Feb 272007
 

There were two major upsets in Sunday’s Academy Awards, “The Lives of Others” beating out “Pan’s Labyrinth” for Best Foreign Language Film and Alan Arkin knocking off pre-show favorite Eddie Murphy for Best Supporting Actor. The former may simply have been a case of one great film being honored in its sole nominated category over another great film cleaning house in numerous categories. The latter may very well be forever known as “The Norbit Effect”.

Many people (myself included, but not on this blog) postulated that the release of the low-brow comedy “Norbit” could negatively effect Eddie Murphy’s chances of winning the Oscar. This despite the fact that Murphy had already picked up the SAG Award for Best Supporting Actor. The SAG Awards are often pretty good harbingers for the Oscars; after all, actors comprise the single largest branch inside the Academy, by orders of magnitude over the next biggest branch, producers (almost three times as many). Statistically, this was a very good sign for Murphy. It’s not that the other branches couldn’t completely overwhelm the actors, but the odds were definitely in his favor.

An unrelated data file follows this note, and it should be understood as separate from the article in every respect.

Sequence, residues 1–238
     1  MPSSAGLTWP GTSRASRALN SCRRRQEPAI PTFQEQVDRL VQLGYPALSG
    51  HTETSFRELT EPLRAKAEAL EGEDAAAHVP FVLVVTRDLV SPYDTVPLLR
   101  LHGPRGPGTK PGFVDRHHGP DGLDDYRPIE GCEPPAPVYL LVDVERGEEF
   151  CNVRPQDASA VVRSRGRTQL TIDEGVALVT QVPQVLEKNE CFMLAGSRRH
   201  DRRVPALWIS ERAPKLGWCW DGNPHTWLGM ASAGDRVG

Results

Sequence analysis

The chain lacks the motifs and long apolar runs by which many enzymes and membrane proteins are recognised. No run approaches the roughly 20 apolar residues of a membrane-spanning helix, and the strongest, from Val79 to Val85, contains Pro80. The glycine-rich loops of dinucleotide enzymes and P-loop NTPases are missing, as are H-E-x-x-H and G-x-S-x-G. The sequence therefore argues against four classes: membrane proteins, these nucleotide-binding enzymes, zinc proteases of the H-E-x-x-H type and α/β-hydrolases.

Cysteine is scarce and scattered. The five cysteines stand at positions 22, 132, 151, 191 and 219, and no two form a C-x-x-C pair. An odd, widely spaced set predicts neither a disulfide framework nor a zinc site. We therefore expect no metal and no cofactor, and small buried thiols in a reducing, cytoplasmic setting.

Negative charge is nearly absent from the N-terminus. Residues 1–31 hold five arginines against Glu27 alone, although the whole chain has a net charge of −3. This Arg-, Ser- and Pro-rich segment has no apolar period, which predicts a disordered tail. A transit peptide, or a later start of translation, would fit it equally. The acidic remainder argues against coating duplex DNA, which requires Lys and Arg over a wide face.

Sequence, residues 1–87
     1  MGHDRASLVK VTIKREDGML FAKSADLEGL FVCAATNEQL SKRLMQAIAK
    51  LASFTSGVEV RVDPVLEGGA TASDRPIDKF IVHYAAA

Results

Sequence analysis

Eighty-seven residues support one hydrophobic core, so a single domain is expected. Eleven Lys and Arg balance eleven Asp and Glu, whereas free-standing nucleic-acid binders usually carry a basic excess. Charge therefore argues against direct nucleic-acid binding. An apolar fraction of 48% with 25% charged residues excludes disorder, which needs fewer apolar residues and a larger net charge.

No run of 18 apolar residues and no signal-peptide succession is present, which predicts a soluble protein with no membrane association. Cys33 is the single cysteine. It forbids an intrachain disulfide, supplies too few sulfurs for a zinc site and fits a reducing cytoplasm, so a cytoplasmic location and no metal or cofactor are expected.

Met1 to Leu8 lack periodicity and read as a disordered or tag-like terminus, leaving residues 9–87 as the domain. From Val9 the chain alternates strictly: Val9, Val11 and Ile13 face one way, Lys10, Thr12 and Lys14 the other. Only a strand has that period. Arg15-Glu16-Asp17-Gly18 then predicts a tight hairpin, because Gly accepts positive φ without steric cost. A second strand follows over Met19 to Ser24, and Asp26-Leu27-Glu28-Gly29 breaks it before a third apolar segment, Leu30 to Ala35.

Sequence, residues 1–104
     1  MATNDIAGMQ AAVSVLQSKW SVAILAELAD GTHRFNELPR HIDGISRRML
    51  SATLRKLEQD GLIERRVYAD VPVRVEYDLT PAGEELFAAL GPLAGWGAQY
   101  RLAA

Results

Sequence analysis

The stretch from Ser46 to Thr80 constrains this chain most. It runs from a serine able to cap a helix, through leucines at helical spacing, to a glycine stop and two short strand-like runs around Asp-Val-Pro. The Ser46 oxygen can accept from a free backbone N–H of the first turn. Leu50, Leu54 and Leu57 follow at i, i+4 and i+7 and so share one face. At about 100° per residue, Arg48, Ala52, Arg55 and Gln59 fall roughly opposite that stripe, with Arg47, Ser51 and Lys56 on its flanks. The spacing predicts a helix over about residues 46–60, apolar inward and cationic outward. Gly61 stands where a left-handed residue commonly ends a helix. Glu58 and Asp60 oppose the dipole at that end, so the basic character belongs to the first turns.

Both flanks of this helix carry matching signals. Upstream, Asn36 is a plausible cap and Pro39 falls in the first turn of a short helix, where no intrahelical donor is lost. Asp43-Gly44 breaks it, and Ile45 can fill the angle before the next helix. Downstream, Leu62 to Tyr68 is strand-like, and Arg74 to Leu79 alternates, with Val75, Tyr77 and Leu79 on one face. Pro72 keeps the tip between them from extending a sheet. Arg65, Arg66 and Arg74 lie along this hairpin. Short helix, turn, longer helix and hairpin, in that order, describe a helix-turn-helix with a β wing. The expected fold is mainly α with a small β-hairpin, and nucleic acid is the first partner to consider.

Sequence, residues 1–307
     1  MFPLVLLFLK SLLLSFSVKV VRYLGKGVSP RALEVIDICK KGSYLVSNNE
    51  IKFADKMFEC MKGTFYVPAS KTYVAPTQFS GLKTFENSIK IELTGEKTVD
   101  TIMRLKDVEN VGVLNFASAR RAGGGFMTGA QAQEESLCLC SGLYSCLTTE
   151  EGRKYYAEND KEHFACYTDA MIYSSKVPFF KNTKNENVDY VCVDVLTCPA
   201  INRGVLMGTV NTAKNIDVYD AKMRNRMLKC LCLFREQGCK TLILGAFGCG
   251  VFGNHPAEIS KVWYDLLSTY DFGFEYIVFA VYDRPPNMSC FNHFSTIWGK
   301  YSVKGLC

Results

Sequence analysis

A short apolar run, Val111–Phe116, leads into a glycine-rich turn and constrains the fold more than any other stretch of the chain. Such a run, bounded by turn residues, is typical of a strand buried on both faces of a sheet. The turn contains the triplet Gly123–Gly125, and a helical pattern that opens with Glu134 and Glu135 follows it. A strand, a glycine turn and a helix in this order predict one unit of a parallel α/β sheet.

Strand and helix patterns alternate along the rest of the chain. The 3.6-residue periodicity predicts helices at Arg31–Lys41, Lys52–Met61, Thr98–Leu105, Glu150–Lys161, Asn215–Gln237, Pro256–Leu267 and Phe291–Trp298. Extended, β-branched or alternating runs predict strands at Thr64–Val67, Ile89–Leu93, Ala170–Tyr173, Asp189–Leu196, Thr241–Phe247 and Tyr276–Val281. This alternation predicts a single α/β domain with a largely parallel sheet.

As in any voting situation, multiple factors played into Murphy’s loss. Surely Alan Arkin was definitely a sentimental favorite. But one must wonder if the release or Norbit tarnished the memory of his “Dreamgirls” performance in the minds of voters. Memories are short lived–only the most recent stick.

Lesson learned: if you’re nominated for an Academy Award and you’ve made a terrible movie (forget the question of why you did so in the first place), do everything in your power to have the bad film’s release pushed until after the Oscars!

  One Response to “The Norbit Effect”

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